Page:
John Sperling, a Higher-Ed Pioneer, Left Disciples Across For-Profit Sector (Chronicle)

By Goldie Blumenstyk

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The legacy of John G. Sperling, the founder of the University of Phoenix who died on Friday at the age of 93, includes more than the sprawling institution that he began in an Arizona union hall in 1976 with eight students.

Mr. Sperling was instrumental in creating today’s for-profit-college industry, a sector now known for both its focus on working adults and the prominence of giant publicly traded companies.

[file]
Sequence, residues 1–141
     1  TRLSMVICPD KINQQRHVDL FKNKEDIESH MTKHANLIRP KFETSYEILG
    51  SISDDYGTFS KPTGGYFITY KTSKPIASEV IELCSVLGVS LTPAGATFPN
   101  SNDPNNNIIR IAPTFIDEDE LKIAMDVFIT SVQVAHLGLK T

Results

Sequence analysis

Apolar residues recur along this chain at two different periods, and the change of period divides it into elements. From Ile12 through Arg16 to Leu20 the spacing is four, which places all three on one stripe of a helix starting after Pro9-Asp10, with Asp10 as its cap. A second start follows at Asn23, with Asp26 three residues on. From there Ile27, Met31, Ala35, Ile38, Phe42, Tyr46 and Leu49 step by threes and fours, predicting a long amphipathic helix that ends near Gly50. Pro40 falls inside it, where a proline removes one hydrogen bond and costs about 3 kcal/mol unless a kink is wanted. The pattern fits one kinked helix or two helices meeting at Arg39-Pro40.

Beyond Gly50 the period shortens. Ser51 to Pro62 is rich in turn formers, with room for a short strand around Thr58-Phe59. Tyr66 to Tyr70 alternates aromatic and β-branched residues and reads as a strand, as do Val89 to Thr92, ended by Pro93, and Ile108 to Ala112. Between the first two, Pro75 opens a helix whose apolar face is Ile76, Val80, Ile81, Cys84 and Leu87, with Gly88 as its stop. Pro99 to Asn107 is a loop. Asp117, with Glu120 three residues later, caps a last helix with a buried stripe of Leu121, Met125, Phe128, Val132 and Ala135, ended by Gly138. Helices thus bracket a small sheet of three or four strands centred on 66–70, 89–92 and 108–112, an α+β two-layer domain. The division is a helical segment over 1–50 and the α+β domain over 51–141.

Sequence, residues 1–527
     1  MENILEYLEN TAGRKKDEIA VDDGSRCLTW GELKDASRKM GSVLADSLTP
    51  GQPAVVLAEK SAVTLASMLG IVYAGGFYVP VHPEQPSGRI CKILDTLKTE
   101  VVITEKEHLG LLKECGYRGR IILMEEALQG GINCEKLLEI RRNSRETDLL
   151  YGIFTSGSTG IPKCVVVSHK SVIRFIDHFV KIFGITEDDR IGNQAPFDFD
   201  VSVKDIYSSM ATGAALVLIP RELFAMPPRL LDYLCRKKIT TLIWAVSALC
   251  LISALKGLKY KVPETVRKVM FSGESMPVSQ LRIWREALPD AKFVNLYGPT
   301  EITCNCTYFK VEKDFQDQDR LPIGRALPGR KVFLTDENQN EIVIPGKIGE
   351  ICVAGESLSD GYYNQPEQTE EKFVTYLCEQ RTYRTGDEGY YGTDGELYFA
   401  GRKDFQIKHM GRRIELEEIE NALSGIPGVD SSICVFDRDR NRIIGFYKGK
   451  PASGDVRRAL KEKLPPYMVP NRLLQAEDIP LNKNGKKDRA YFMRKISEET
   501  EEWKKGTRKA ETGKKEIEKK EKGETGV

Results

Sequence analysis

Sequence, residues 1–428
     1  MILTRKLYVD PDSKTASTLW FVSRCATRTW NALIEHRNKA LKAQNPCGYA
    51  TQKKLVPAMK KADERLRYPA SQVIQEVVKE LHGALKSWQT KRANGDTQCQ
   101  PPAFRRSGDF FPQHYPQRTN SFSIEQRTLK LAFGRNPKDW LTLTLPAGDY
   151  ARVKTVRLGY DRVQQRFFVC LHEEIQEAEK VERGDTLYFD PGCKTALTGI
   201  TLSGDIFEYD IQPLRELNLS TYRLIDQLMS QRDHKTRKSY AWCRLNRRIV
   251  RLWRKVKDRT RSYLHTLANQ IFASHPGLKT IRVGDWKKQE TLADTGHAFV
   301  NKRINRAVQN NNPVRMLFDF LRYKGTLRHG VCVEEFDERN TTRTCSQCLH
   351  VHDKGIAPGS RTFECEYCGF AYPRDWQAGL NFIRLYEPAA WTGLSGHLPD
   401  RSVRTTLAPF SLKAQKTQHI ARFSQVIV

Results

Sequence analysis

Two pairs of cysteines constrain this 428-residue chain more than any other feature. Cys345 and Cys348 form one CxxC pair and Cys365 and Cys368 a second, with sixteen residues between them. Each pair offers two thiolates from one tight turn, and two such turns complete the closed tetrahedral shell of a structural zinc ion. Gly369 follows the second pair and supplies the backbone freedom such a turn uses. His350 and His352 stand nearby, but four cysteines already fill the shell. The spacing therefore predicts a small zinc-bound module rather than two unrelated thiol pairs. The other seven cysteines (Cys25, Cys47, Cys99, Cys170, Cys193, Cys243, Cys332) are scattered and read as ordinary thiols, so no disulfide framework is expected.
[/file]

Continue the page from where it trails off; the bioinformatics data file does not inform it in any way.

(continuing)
Several of the companies that now dominate the industry are led by executives who either worked closely with Mr. Sperling at Phoenix or learned the education business while working at the Apollo Education Group, the university’s parent company.

In the 2013 fiscal year, the 15 publicly traded higher-education companies generated $16.4-billion in revenue, according to BMO Capital Markets. Nearly half of that, about $7.5-billion, came from Apollo and three other companies led or formerly led by those executives.

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